Abstract: We examine the official scope and actual coverage of immigrant civil society in seven California cities using a widely-employed 501(c)3 database. First, to capture demographic underrepresentation, we compare the number of immigrant organizations in official data to population statistics and find substantially fewer immigrant organizations than we would expect. Second, we measure the organizational undercount by calculating the number of publicly present immigrant organizations not captured in official data. We do this for four immigrant-origin communities (Indian, Mexican, Portuguese and Vietnamese) using 160 key informant interviews and extensive examination of directories and media (ethnic and mainstream). We find a notable organizational undercount, which varies by city and immigrant group. Considering both underrepresentation and undercounts, Mexican-origin organizations seem at a particular disadvantage. Our findings have important implications for resource inequalities and advocacy capacity in minority communities, as well as for scholars’ ability to accurately document the vitality of immigrant civil society.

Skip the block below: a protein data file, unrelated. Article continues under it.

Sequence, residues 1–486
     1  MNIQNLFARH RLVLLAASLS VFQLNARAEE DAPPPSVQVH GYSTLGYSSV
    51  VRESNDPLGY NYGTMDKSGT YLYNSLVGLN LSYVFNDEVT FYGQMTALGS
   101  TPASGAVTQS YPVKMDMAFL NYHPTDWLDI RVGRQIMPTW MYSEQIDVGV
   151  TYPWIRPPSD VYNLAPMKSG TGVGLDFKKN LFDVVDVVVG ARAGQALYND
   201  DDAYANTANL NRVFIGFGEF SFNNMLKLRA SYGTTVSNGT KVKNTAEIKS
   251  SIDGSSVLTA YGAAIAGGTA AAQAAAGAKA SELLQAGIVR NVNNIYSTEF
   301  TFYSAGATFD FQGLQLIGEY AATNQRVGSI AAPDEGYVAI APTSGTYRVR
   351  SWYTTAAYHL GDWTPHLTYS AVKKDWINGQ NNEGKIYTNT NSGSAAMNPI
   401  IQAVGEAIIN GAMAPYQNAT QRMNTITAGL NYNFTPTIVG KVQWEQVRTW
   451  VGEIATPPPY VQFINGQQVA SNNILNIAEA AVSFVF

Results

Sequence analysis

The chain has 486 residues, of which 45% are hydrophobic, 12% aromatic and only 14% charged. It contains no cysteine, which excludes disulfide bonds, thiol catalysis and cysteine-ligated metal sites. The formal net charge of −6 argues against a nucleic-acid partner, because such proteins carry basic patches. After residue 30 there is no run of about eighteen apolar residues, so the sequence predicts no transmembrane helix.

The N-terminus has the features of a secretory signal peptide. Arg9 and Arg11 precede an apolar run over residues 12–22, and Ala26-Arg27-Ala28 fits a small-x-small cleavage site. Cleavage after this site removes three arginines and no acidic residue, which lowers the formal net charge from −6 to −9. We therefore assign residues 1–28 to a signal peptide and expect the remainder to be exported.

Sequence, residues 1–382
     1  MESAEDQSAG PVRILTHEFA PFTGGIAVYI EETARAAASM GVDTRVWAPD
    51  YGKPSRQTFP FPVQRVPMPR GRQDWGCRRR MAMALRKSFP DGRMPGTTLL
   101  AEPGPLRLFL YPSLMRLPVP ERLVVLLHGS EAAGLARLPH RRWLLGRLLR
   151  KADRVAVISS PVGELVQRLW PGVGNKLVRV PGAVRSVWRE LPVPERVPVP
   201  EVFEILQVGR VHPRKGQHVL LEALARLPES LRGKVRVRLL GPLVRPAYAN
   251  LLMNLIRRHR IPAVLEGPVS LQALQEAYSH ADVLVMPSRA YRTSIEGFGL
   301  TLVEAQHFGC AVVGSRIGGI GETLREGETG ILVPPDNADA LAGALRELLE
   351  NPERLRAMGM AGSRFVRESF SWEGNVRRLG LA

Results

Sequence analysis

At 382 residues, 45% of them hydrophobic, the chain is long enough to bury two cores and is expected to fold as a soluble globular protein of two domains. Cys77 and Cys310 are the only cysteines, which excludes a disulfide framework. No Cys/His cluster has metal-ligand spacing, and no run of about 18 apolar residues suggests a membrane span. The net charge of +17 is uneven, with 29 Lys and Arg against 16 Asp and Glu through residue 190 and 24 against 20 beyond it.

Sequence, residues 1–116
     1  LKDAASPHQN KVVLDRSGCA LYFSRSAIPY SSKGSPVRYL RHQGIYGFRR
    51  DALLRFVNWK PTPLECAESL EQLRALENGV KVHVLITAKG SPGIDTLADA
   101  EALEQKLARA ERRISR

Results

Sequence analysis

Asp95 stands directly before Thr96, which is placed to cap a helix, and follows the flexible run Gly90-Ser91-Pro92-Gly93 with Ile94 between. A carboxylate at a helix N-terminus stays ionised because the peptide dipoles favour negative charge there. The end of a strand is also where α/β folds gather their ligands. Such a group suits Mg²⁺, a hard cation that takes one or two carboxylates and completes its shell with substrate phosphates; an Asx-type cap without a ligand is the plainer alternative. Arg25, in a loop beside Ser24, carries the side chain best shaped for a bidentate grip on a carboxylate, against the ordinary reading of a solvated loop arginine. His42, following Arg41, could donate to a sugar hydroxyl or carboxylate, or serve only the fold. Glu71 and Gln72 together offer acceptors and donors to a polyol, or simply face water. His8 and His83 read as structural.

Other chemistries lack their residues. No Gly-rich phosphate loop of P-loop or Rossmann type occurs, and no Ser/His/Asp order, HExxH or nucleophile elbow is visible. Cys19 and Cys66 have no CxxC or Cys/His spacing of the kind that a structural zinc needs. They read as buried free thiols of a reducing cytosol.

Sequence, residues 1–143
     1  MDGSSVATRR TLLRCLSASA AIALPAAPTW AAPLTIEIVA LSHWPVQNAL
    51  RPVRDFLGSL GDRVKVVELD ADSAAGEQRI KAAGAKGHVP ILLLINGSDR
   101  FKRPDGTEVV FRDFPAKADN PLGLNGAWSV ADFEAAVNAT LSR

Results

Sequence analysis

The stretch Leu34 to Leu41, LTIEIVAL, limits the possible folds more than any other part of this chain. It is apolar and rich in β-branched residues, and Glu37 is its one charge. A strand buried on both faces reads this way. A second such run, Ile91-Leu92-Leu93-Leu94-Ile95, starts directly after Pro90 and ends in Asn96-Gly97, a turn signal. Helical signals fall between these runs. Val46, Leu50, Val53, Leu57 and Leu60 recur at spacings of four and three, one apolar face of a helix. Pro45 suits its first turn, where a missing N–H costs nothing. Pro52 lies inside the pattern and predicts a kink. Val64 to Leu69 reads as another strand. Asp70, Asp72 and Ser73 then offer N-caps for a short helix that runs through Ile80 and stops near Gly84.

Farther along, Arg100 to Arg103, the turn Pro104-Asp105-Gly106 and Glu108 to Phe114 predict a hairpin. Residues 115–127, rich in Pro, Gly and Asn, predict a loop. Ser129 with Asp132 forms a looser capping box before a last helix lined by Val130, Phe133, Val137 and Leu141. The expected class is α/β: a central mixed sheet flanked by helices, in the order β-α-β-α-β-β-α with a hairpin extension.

Keywords: Sociology
    Date: 2011–06–19
  6. By: Martin Ljunge (Department of Economics)
    Abstract: This paper estimates the intergeneration transmission of civicness by studying second generation immigrants in 29 European countries with ancestry in 83 nations. There is significant transmission of civicness both on the mother’s and the father’s side. The estimates are quantitatively significant and provide evidence on the transmission of trustworthiness.
    Keywords: intergenerational transmission; civicness; civic virtues; trustworthiness; cultural transmission; integration of immigrants
    JEL: D13 D83 J62 Z13
    Date: 2012–01–09
  7. By: Korpi, Tomas (Swedish Institute for Social Research, Stockholm University)
    Abstract: -
    Keywords: -
    Date: 2012–03–19
  8. By: Grubel, Herbert; Grady, Patrick